Belfast's homeless problem sending wrong image to tourists, says ex-mayor Jim Rodgers
The sight of people sleeping rough in Northern Ireland's main shopping street is presenting a negative image to tourists, a former Belfast Lord Mayor has said.
Jim Rodgers said the problem of the homeless camping out in doorways of well-known stores should be treated sensitively.
His comments came after a London council this week unveiled plans to fine homeless people up to £1,000 for sleeping in doorways near popular tourist spots.
The Belfast Telegraph took pictures of people in sleeping bags on Royal Avenue and Donegall Place last Sunday morning after they had clearly spent the night there.
Mr Rodgers said the pictures underpinned the growing issue of homelessness in Northern Ireland - which is worse than anywhere else in the UK - and described it as "the tragedy of our modern time".
"There is a major homelessness problem in Belfast and Northern Ireland due to the recession," he said.
"We have an increasing amount of cruise ships coming in and tourists visiting the City Hall or shopping are being confronted with people lying in the streets.
"It sends out the wrong message to visitors.
"No matter where you go, late at night or early in the morning, you see people lying in cardboard boxes or with clothing over the top of them. It gives Belfast a bad image."
Mr Rodgers said it wasn't up to the authorities to deal with the problem.
"Belfast City Council isn't responsible for homeless people but we want to play our part and work with other agencies," he said.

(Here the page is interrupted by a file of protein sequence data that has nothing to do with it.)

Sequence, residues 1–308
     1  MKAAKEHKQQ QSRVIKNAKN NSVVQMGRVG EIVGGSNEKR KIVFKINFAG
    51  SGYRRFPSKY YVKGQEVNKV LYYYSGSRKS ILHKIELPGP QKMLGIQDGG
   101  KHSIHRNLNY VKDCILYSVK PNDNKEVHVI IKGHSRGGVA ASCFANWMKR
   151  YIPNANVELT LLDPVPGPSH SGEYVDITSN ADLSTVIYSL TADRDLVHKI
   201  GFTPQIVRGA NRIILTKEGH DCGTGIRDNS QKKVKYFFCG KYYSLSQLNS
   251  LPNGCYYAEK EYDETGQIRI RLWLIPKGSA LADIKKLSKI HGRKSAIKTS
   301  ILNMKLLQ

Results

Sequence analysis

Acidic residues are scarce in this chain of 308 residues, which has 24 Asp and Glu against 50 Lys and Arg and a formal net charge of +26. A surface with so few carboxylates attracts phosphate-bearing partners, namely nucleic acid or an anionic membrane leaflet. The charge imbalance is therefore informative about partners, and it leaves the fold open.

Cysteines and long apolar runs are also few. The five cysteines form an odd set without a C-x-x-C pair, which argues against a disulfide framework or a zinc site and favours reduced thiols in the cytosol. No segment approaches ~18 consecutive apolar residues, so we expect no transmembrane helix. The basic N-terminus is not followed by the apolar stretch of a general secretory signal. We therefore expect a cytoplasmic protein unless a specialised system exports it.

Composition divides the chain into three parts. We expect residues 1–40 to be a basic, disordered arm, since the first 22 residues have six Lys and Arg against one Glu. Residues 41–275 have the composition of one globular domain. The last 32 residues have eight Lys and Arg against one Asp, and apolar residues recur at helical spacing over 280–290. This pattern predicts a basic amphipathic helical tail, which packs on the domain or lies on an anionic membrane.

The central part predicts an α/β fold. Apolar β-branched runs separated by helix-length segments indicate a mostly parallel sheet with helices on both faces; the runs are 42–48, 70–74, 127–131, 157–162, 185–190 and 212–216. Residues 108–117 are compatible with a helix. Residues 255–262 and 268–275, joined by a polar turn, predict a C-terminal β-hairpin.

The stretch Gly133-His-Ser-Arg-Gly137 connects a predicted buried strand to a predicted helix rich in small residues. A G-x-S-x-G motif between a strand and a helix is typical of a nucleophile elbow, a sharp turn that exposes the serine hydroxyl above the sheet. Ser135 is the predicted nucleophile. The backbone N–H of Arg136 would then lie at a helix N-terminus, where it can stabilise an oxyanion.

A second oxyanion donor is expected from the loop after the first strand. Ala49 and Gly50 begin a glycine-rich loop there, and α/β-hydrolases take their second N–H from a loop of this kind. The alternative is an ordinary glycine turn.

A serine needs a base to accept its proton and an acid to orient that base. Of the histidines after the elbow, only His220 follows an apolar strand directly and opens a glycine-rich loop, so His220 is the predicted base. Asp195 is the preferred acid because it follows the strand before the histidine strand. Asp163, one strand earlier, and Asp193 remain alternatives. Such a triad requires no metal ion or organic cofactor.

"The last thing we want to do is ask the police to move on people who are sleeping rough, but it's becoming a really serious problem in our city, make no mistake about it.
"We need an inter-agency approach here and the city council will not be found wanting."
He added: "Some people look down their noses at these individuals but that's absolutely appalling because anyone could end up in that position."
The UUP man said the provision of the outreach service operated by the Welcome Organisation in conjunction with the crash facility provided by the Salvation Army was of great benefit to people wanting to avoid sleeping rough, but he said more could be done. Social Development Minister Mervyn Storey recently revealed that on any given night it was likely that there will be around 10 people sleeping rough in Belfast, and a similar number across Northern Ireland.
That's a miniscule figure, given that around 19,000 households are now presenting as homeless to the Housing Executive, according to the Council for Homelessness Northern Ireland.
Its director Ricky Rowledge said a three-month street count was under way because homelessness had become "more visible".
"This will not only assess the actual numbers of those on the street over this period, but also if they have accommodation and why they are not accessing the many services available in the city," she said.